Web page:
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The longitudinal relationship between changes in body weight and changes in medial tibial cartilage, and pain among community-based adults with and without meniscal tears

Citation

Teichtahl, AJ and Wluka, AE and Wang, Y and Strauss, BJ and Proietto, J and Dixon, JB and Jones, G and Forbes, A and Kouloyan-Ilic, S and Martel-Pelletier, J and Pelletier, J-P and Cicuttini, FM, The longitudinal relationship between changes in body weight and changes in medial tibial cartilage, and pain among community-based adults with and without meniscal tears, Annals of the Rheumatic Diseases: The Eular Journal, 73, (June) pp. 1652-1658. ISSN 0003-4967 (2014) [Refereed Article]

Copyright Statement

Copyright 2013 The Authors

DOI: doi:10.1136/annrheumdis-2013-203210

Abstract

Introduction: Meniscal tears are commonly found on MRI and increase the risk for radiographic knee osteoarthritis (OA). While meniscectomy is recommended when knee pain is severe or functionally disabling, it is unclear how to best treat meniscal tears without these symptoms. The aim of this longitudinal study was to examine the effect of weight change on knee cartilage and pain in a cohort of community-based adults with and without meniscal tears detected by MRI. Methods: 250 adults with no history of knee OA or knee injury were recruited from the general community and weight-loss clinics. MRI of the knee, Western Ontario and McMaster University Osteoarthritis Index (WOMAC), weight and height were measured at baseline and again at follow-up approximately 2 years later. Results: Medial meniscal tears were present in 36 (18%) of the cohort. In those with medial meniscal tears, after adjustment for confounders, percentage weight change was significantly associated with percentage change in medial tibial cartilage volume (β 0.2% 95% CI 0.08% to 0.3% p=0.002) and knee pain (β 11.6% 95% CI 2.1% to 21.1% p=0.02). That is, for every 1% gain in weight, there was an associated 0.2% increased loss of medial tibial cartilage volume and 11.6% increase in pain. In those with no medial meniscal tear, neither change in medial tibial cartilage volume (β 0.02% 95% CI -0.01% to 0.10% p=0.53) or pain (β 1.9% 95% CI -2.2% to 6.1% p=0.36) were significantly associated with change in weight. Conclusions: This study demonstrated that among adults with medial meniscal tears, weight gain is associated with increased cartilage loss and pain, while weight loss is associated with the converse. This suggests attention to weight is particularly important in the management of people with medial meniscal tears. © 2013 BMJ Publishing Group Ltd & European League Against Rheumatism.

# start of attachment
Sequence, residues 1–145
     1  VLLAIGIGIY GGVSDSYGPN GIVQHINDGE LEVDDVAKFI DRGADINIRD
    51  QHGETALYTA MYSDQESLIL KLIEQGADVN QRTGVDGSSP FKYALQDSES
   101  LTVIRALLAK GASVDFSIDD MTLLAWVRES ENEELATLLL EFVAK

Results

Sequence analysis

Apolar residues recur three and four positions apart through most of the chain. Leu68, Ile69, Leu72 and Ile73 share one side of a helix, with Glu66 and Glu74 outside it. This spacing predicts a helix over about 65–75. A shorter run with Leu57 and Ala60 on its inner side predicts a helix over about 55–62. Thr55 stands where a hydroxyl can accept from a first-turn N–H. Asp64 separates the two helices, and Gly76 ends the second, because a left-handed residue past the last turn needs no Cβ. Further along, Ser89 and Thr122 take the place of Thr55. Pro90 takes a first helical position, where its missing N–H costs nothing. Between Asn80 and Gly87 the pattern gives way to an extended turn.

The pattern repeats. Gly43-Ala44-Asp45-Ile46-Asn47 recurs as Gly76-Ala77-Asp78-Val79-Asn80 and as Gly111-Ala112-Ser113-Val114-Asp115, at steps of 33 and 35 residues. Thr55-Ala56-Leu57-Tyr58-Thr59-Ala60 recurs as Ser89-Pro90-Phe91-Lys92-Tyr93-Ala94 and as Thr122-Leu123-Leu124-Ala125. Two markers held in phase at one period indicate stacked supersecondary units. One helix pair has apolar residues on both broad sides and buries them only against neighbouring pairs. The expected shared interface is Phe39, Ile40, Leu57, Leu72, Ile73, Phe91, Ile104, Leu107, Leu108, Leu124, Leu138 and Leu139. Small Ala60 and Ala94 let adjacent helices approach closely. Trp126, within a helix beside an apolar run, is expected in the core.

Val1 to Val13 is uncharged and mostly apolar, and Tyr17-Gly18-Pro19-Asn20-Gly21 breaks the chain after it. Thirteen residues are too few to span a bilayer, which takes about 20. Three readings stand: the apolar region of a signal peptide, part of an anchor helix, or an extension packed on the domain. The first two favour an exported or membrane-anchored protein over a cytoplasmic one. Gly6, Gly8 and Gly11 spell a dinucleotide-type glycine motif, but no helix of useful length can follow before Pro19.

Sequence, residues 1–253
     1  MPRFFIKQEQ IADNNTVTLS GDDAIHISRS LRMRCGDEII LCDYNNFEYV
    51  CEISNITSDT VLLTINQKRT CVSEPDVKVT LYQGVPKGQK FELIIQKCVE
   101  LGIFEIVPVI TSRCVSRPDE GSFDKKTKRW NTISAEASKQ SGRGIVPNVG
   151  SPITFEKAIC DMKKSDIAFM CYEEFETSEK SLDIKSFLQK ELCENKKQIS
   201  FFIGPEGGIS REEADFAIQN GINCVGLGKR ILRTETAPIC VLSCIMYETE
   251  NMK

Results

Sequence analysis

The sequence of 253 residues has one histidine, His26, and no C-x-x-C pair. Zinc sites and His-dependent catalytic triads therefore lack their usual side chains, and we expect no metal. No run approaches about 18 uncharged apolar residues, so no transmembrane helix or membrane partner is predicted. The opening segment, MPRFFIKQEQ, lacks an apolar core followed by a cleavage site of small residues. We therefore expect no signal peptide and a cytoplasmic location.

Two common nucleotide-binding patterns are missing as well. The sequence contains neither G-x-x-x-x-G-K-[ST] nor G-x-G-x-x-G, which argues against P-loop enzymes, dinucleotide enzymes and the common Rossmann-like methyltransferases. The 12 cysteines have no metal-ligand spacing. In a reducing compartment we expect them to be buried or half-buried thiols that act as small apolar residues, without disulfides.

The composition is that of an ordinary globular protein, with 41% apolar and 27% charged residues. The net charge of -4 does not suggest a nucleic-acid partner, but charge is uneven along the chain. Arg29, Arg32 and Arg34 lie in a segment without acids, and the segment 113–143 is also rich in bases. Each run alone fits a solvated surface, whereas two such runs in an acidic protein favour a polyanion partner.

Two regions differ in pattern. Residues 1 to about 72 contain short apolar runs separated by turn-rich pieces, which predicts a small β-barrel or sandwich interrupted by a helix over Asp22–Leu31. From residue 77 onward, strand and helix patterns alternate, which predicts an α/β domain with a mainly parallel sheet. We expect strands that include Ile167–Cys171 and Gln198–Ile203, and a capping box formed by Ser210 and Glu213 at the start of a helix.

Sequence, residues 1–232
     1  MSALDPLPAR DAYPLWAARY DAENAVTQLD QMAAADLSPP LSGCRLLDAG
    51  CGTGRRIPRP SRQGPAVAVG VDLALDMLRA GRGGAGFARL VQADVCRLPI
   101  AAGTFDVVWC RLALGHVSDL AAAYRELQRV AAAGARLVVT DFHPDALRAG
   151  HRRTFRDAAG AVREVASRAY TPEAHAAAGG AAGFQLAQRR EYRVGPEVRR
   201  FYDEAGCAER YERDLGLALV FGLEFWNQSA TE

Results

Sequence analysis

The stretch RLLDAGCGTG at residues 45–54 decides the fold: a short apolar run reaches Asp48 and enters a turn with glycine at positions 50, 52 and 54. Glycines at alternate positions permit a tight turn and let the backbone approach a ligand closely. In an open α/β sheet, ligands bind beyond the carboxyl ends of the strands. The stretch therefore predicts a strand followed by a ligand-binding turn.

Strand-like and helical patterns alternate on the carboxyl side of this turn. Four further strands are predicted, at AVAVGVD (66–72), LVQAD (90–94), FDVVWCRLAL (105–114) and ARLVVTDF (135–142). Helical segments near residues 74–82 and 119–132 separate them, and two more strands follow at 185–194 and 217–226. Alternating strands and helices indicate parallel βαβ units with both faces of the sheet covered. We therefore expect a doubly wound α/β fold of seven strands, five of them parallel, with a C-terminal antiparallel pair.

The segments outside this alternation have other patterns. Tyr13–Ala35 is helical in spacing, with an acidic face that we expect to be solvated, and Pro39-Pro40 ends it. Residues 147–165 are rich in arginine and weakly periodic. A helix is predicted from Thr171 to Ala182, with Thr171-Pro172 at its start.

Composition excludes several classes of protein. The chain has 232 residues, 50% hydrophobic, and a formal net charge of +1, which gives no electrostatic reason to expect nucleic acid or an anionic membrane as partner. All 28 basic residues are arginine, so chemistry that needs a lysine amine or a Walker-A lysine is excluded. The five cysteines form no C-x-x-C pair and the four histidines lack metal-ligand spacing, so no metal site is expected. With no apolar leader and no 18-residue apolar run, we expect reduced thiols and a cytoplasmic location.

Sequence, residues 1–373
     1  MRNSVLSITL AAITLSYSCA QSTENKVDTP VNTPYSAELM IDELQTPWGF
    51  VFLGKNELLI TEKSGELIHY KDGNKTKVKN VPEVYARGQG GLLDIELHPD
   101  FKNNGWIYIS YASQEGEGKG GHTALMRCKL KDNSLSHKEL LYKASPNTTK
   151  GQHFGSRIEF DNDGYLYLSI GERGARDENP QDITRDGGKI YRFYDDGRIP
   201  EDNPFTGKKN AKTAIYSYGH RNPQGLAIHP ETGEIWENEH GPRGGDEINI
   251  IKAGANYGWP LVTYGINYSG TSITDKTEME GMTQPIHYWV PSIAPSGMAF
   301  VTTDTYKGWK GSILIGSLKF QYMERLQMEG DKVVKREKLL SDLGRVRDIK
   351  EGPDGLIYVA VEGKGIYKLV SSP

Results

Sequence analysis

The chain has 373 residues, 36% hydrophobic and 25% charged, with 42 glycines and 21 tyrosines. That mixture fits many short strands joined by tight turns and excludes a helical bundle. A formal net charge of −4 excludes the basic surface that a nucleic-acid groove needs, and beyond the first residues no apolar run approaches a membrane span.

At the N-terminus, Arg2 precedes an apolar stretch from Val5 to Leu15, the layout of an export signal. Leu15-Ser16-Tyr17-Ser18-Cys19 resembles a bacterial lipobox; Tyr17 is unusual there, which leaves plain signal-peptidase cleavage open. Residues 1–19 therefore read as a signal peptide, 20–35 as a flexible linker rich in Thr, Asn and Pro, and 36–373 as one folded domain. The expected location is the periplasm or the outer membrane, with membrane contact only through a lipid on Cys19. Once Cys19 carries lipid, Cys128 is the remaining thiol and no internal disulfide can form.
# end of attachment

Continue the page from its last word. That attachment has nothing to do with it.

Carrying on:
Item Details

Item Type:Refereed Article
Research Division:Medical and Health Sciences
Research Group:Clinical Sciences
Research Field:Rheumatology and Arthritis
Objective Division:Health
Objective Group:Clinical Health (Organs, Diseases and Abnormal Conditions)
Objective Field:Skeletal System and Disorders (incl. Arthritis)
Author:Jones, G (Professor Graeme Jones)
ID Code:88068
Year Published:2014 (online first 2013)
Web of Science® Times Cited:9
Deposited By:Menzies Institute for Medical Research
Deposited On:2014-01-09
Last Modified:2017-11-02
Downloads:0

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